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(Red House Records 217 As broadcast on WVIA-FM 2/4/2009)
Rock and roll is generally considered a young person's music. Indeed, it was invented as a kind of youthful rebellion. But that was a long time ago, and those pioneering rock musicians are getting up in years. Sometimes the music does not age well on them. While some can somehow seem eternally youthful, most guys and their 50s and 60s are less than impressive making those rock moves, and singing songs about teenage love.
On the other hand there are those who with age move into other things. This time we have an excellent example, a 68-year old member of the Rock and Roll Hall of Fame, who in recent years has making some fine acoustic folk and blues music. It's Jorma Kaukonen, who has just released a new CD called River of Time.
Actually, this kind of music is a return to the Jefferson Airplane founder's roots. It's what he started on before being lured into the possibilities that the electric guitar offered, especially in San Francisco in the seminal psychedelic days. But he has maintained an outlet for his blusier side and affinity for traditional songs through the band Hot Tuna, which has continued, on and off, for almost 40 years.
A native of Washington, DC, Jorma Kaukonen, Jr. was the son of a Finnish American diplomat. So part of his youth was spent posted in foreign countries. While still in his teens, he began playing with long-time friend Jack Casady. Kaukonen attended Antioch College in Ohio, and there was exposed to finger-style guitar and to the music of Rev. Gary Davis, strongly influencing Kaukonen. He relocated to the Bay area to continue his studies in 1962, playing folk acoustic guitar and teaching. Kaukonen eventually recruited Casady when the Jefferson Airplane was forming around 1964, and their musical partnership has persisted for almost 50 years.
While the Jefferson Airplane was still in its ascendency, Kaukonen and Casady also looked to return to their bluesy roots, and formed Hot Tuna as an Airplane side project. They also used it as an opportunity to play lengthier, jam-oriented sets live.
In recent years, in addition to the occasional Hot Tuna tour, Kaukonen and his wife have been operating Fur Peace Ranch, a 100-plus-acre music and guitar camp in Ohio, offering instruction and an intimate performance space. Kaukonen has also been issuing a somewhat infrequent series of solo albums, starting with one called Quah in 1974. His latest continues the kind of country blues and folk that has been at his musical roots, and that was also highlighted in his 2002 CD Blue Country Heart, which we reviewed in this series.
Kaukonen's new CD River of Time is a mix of mostly original songs in the style, plus some old tunes by the likes of Gary Davis, Merle Travis and Mississippi John Hurt. He is joined by mandolinist Barry Mitterhoff, who tours with Kaukonen in the current incarnation of Hot Tuna, plus multi-instrumentalist Larry Campbell, who plays guitar, fiddle and pedal steel. On bass is Lincoln Schleifer, and making several guest appearances on drums is Levon Helm, of The Band. The CD was recorded at Helm's studio in Woodstock, NY.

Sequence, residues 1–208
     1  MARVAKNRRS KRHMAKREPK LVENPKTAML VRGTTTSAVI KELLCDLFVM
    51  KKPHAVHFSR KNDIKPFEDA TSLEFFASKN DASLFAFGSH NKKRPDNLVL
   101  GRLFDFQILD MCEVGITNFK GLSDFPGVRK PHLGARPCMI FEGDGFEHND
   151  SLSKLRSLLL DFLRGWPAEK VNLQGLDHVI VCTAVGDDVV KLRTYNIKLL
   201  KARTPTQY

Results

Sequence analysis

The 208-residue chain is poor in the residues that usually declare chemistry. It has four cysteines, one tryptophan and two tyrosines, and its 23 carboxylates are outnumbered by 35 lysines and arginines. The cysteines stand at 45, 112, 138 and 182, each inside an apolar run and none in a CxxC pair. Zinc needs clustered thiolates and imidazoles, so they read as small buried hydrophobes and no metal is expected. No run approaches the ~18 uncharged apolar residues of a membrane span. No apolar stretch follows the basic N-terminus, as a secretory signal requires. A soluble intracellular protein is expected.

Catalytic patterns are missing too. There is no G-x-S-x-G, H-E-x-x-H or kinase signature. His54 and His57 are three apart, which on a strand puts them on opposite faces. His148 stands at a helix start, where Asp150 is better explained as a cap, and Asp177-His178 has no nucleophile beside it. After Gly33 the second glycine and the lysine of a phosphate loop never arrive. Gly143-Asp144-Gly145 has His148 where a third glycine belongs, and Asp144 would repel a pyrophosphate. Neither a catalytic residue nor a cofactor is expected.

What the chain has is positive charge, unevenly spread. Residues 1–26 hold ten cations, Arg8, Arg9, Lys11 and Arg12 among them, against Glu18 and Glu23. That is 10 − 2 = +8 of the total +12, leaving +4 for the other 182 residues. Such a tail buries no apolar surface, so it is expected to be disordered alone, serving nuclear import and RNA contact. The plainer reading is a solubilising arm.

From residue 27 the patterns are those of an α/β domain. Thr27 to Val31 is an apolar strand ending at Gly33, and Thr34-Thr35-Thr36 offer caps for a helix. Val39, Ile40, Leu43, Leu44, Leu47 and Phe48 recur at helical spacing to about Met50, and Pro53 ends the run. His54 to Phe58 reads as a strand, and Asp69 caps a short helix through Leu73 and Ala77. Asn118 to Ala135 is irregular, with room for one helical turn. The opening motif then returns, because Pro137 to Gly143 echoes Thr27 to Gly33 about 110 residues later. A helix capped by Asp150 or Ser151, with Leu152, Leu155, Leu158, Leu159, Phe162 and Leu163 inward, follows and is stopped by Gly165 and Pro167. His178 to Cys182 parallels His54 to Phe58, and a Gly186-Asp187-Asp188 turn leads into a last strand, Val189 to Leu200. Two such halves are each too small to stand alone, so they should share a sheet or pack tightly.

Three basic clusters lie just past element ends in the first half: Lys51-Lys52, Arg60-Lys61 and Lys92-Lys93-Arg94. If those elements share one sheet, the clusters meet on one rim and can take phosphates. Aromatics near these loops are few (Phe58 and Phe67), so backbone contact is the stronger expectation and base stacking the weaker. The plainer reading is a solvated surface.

River of Time opens with a track called Been So Long, a remake of a Hot Tuna song, nicely done in the acoustic setting. <<>>
The CD includes a song by one of Kaukonen's heroes, the Reverend Gary Davis, There's a Bright Side Somewhere. The band is augmented by the drums of Levon Helm, in this easy-going, appealing version. <<>>
The subject of mortality is addressed on the song called Another Man Done a Full Go Round, written by another traditional bluesy-folk performer Roy Book Binder. It's perfect material for this group. <<>>
One of the more familiar songs on the CD is the blues standard Trouble in Mind, which Kaukonen and band give an energetic treatment. <<>>
Kaukonen is responsible for one of the most famous acoustic guitar instrumental tracks in rock history, Embryonic Journey with the Jefferson Airplane. He includes two instrumentals on River of Time. One is a new piece called Izzy's Lullaby, for his young daughter. Larry Campbell plays multiple violins, emulating a small string section. <<>>
Another old song that Kaukonen and colleagues serve up is More Than My Old Guitar by Merle Haggard. Their arrangement gives it an appropriate touch of country, with Campbell's fiddle. <<>>
The group covers a Grateful Dead song Operator, and again the result is first-rate, in an expanded version of the band, including Levon Helm. <<>>
The title track River of Time is an original song about the passing of generations, which is given an almost bluegrass setting. <<>>
And also in the bluegrass mold is Kaukonen's version of a Delmore Brothers tune Nashville Blues, which is another highlight of the CD.
Jorma Kaukonen's new CD River of Time is an excellent example of a mature rocker staying at the top of his game musically by doing the kind of material that is enhanced by the length of the experience of the artist. And it's also a return to the music of Kaukonen's youth before he was a founder of the Jefferson Airplane. It's a nice combination of original compositions and tasteful performances of old songs with a group who sound as if they are very much enjoying their mutual company.
Our grade for sound quality is an "A," something we don't give out that often. The acoustic instrumentation is well-recorded, and the CD has a respectable dynamic range, maintaining the difference between loud and soft passages.
It's sometimes embarrassing seeing and hearing rock artists of a previous generation trying to prove they are still rockers. Jorma Kaukonen takes an opposite approach and creates music that will no doubt stand the test of time.
(c) Copyright 2009 George D. Graham. All rights reseved.
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